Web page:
2 < 3
but asking if 2 is greater than 3 results in "False":
2 > 3
  • Verify this now in the Python shell (Spyder console).

True and False are Boolean(current link is for Python 2 documentation) values and a variable that takes one of these values is called a Boolean variable or simply a Boolean for short.
  • Looking in depth a bit, you should know that the Booleans True and False have numerical equivalents. False is an integer with value 0 and True is an integer with a non-zero value, but is typically taken to be 1. These numerical equivalents will often appear in older Python programs.

To test equality, Python uses the double equals sign, ==, so (prompts omitted):
1 == 1
1 == 0
The comparison operators which you will need to use are <, >, ==, !=, >= and <=. which respectively mean less than, greater than, equal to, not equal to, greater than or equal to and less than or equal to.

There is a way to string together conditions. For example:

In [20]: 1 == 1 and 1<2
Out[20]: True
In [21]: 1 == 1 and 1>2
Out[21]: False
In [22]: 1 == 1 or 1 > 2
Out[22]: True
In [23]: 1 != 1 or 1 > 2
Out[23]: False
In [24]: not 1 == 1
Out[24]: False
The rules are:
  • a and b evaluates to True if and only if a is True and b is True
  • a or b evaluates to False if and only if a is False and b is False
  • not a evaluates to True if and only if a is False

The operators and, or and not used in these logical tests are called Boolean operators(current link is for Python 2 documentation).
Activity 1: Now do the following:

  • Predict the outcome of the following (prompts omitted):
    2 == 3
    "apple" == "orange"
    from numpy import pi; pi < 3.14
  • In the second line, "apple" and "orange" are strings(current link is for Python 2 documentation), which will only be equal if every character in the string is equal.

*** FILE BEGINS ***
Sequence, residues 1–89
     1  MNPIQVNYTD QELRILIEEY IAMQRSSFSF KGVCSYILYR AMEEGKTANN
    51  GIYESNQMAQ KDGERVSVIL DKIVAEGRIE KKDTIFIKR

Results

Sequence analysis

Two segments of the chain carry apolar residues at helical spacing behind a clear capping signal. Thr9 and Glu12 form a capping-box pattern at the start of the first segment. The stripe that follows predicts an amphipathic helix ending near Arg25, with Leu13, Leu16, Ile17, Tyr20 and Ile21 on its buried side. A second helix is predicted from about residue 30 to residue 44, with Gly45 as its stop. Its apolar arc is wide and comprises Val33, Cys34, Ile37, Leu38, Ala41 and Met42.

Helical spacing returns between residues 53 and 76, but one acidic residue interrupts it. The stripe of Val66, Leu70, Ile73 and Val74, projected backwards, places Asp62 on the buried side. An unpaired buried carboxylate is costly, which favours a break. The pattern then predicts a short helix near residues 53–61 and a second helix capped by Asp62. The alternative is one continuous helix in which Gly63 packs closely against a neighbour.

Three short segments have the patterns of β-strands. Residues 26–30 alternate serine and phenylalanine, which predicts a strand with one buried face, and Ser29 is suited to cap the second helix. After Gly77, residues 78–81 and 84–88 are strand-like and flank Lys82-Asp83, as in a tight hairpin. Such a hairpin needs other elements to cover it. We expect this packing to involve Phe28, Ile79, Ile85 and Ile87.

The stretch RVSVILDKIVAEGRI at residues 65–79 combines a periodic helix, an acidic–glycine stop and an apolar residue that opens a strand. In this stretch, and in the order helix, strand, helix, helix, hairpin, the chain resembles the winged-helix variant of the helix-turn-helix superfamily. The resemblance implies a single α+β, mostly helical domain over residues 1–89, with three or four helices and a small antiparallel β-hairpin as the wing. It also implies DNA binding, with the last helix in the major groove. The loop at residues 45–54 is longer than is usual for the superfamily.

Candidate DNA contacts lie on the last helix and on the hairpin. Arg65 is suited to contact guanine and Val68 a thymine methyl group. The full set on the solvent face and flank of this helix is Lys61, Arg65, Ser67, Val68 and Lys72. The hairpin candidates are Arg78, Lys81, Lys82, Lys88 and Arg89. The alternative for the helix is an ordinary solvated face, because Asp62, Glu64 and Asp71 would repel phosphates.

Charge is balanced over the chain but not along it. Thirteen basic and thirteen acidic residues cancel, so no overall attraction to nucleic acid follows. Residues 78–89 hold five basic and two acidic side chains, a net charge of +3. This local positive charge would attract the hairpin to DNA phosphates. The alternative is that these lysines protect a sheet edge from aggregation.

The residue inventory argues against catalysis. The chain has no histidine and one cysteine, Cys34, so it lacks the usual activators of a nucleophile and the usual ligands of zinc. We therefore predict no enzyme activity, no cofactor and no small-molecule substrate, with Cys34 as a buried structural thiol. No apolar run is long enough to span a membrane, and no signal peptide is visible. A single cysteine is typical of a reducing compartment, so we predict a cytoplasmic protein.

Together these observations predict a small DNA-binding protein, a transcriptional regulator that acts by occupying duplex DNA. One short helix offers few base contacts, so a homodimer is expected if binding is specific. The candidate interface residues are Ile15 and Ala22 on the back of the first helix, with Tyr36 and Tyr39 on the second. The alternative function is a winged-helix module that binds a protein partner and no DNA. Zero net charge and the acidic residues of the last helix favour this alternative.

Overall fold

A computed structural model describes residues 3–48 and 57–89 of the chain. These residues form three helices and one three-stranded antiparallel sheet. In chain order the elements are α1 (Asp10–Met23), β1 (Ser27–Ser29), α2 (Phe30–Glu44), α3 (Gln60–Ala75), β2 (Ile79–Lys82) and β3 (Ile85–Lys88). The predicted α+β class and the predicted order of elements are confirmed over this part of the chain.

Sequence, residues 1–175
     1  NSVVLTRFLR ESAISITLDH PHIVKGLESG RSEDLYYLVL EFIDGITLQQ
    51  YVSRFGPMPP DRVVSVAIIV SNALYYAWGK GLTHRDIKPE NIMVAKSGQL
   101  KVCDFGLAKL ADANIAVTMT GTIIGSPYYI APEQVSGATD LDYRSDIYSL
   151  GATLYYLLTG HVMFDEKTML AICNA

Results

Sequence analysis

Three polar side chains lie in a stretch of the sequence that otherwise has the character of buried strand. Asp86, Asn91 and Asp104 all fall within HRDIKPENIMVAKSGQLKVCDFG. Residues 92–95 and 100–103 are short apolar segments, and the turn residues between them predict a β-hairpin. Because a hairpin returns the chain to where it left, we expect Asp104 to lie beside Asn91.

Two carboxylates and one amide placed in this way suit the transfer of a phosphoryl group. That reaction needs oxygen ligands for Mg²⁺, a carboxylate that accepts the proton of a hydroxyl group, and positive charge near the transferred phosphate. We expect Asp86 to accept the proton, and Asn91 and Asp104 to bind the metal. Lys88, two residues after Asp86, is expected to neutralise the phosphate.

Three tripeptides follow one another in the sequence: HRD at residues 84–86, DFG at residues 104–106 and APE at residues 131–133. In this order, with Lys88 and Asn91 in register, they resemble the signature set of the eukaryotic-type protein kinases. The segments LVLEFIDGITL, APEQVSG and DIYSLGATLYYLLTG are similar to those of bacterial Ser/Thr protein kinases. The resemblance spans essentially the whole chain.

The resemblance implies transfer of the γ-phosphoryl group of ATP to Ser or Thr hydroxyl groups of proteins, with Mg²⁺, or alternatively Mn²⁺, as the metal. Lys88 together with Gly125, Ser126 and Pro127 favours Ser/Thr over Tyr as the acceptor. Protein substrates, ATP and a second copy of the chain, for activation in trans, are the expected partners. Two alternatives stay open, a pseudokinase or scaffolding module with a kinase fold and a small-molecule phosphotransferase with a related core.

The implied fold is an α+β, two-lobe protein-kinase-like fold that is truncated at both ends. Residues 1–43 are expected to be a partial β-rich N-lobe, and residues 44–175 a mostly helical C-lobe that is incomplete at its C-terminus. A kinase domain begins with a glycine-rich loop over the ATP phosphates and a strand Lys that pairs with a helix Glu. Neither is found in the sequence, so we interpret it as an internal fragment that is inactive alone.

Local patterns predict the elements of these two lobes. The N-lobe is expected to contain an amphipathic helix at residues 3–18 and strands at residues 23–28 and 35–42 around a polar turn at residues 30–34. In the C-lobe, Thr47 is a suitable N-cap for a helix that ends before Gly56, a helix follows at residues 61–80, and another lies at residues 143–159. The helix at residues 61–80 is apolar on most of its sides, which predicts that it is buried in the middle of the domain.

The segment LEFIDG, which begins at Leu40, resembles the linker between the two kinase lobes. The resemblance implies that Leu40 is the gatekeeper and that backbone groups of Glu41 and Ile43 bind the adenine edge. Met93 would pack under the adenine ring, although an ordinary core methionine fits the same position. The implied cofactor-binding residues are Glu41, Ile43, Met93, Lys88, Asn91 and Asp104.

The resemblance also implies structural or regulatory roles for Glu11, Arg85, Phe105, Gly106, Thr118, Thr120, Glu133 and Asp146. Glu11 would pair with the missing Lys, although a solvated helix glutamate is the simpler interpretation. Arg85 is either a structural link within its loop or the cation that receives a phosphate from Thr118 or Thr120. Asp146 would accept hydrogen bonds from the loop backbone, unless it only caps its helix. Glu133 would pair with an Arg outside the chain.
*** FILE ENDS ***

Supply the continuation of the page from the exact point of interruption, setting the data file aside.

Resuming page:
• In the last line, we have introduced a new trick: you can separate Python commands by semicolons on the same line. So the last line actually includes two commands, one getting the value of pi from numpy, the other comparing pi to another number.
  • To complete this activity, type the statements above in a Python Shell session.

Variables can be assigned values of True and False. So, for example, we can assign the result of an equality test to a variable:
a = 2; b = 3
a_is_two = (a==2) #check if a is 2
The result will be
b_is_two = (b==2) #check if b is 2
print( b_is_two) #print result
The result will be
Activity 2: Do the following
  • Predict the outcome of the following, and try them in the Python shell.
    a = 2; b = 3
    a_is_even = (a%2==0)
    b_is_even = (b%2==0)
    print "a is even:", a_is_even
    print "b is even:", b_is_even

3. If statements and if blocks.

Logical statements are used to determine whether an action or event should take place. The standard logical statement in Python is the if statement(current link is for Python 2 documentation). For example
if 2 < 3: print "hello"
  • You can try typing this in the Spyder console. Press return TWICE to see the outcome.

In this fragment, the condition 2<3 is evaluated to True, and the computer carries out the action print "hello".

On the other hand, the statement
if 2 > 3: print "goodbye"
would result in no output. (Again, remember to press return twice if you use this example interactively.)

A more standard format for conditional execution is the if block or the if-elif-else block. We will illustrate the if block by means of the following example:

Activity 3: To practice using logical statements, consider the following code segment, which illustrates a simple if block.

my_integer = input('Please enter your favourite integer')
my_integer = int(my_integer)
if my_integer % 2 == 0:
    print( "Your favourite integer is", my_integer)
    print ("This number is even.")
  • To use this code, copy and paste it as usual, either in a file or in the console.
  • Notice that the if code block uses the same kind of indentation as the def (function) code block. The points about indentation are the same for any code block: